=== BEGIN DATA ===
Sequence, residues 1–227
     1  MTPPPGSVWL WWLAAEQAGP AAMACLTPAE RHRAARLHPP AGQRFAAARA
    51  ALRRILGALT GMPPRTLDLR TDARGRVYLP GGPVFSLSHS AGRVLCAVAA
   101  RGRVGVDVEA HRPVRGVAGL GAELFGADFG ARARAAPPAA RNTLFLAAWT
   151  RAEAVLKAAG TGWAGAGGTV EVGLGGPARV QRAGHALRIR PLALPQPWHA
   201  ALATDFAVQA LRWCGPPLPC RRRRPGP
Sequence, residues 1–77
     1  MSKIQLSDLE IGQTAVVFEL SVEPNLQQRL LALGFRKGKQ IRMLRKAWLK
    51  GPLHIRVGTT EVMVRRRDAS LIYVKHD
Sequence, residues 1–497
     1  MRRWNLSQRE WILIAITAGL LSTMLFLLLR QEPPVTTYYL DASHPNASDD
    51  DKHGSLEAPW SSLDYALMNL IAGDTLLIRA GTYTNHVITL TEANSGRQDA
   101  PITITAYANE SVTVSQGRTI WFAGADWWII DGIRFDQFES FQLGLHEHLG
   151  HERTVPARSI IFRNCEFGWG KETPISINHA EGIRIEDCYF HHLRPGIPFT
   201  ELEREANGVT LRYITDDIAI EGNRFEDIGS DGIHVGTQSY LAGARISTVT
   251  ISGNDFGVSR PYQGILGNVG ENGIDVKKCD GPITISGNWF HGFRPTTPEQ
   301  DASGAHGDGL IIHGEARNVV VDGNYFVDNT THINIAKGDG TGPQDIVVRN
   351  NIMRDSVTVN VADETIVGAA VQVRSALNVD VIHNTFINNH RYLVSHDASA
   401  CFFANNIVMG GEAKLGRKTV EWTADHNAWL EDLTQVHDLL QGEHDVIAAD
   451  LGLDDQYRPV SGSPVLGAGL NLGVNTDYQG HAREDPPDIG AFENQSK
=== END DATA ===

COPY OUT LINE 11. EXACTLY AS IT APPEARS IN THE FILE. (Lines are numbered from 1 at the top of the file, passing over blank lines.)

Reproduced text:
     1  MRRWNLSQRE WILIAITAGL LSTMLFLLLR QEPPVTTYYL DASHPNASDD